Sunday, August 10, 2014

Effects of Smoking


          Smoking is the major problem that almost 75% of men has. It is an addiction and it starts by the way of curiosity. Boys in their school days starts to smoke with the curiosity and after that they couldn't stop since they get addicted to it. About 20%  people leaves this habit after 30 years but still people continues till their life end even if they are in old age.

         Smoking causes Cardiovascular disease, Cancer,Lung disease,Stroke, aortic aneurysm( a balloon-like bulge in artery in the Chest), Chronic Obstructive Pulmonary Disease(COPD),Asthma,Hip fractures and Cataracts. Smokers are at higher risk of developing pneumonia and other airway infections.

             Nicotine is the addictive drug in tobacco smoke that causes smokers to continue to smoke. Addicted smokers need enough nicotine over a day to ‘feel normal’ – to satisfy cravings or control their mood. How much nicotine a smoker needs determines how much smoke they are likely to inhale, no matter what type of cigarette they smoke.

             Along with nicotine, smokers inhale about 7,000 other chemicals in cigarette smoke. Many of these chemicals come from burning tobacco leaf. Some of these compounds are chemically active and trigger profound and damaging changes in the body.Tobacco smoke contains over 60 known cancer-causing chemicals. Smoking harms nearly every organ in the body, causing many diseases and reducing health in general.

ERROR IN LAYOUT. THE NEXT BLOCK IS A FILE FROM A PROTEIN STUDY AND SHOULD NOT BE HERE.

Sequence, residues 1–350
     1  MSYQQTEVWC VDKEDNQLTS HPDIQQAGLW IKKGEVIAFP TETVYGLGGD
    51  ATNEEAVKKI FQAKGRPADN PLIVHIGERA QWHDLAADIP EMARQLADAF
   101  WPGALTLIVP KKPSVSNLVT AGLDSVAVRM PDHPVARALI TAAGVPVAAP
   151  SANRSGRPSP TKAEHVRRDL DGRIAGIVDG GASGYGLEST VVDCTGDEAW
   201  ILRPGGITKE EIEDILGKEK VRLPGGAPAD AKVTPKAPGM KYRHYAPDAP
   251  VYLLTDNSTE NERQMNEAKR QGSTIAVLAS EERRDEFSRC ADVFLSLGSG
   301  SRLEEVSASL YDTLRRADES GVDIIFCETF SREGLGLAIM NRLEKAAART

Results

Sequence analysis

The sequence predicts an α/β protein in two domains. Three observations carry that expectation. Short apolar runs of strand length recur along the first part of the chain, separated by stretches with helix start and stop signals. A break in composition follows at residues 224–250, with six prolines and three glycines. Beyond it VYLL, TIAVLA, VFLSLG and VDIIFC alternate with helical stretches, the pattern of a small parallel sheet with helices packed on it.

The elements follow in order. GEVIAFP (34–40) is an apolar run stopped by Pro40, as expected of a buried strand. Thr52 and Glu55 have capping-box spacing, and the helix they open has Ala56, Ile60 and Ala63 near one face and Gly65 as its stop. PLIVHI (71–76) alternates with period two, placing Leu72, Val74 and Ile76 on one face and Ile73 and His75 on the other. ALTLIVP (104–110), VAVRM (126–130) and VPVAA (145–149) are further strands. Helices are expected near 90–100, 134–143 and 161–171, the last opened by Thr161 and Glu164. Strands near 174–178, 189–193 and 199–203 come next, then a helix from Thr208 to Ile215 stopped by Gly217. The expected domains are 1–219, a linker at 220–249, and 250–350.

The most damaging components of tobacco smoke are:
  • Tar – this is the collective term for the various particles suspended in tobacco smoke. The particles contain chemicals, including several cancer-causing substances (carcinogens). Tar is sticky and brown, and stains teeth, fingernails and lung tissue. Tar contains the carcinogen Benz(a)pyrene
  • Carbon monoxide – this odorless gas is fatal in large doses because it takes the place of oxygen in the blood. Each red blood cell contains a protein called hemoglobin that transports oxygen molecules around the body. However, carbon monoxide binds to hemoglobin better than oxygen. This means that less oxygen reaches the brain, heart, muscles and other organs
  • Hydrogen cyanide – the lungs contain tiny hairs (cilia) that help to clean the lungs by moving foreign substances out. Hydrogen cyanide stops this lung clearance system from working properly, which means the poisonous chemicals in tobacco smoke can build up inside the lungs. Other chemicals in smoke that damage the lungs include hydrocarbons, nitrous oxides, organic acids, phenols and oxidising agents
  • Free radicals – these highly reactive chemicals can damage the heart muscles and blood vessels. They react with cholesterol, leading to the build-up of fatty material on artery walls. Their actions lead to heart disease, stroke and blood vessel disease
  • Metals – tobacco smoke contains dangerous metals including arsenic, cadmium and lead. Several of these metals are carcinogenic
  • Radioactive compounds – tobacco smoke contains radioactive compounds that are known to be carcinogenic.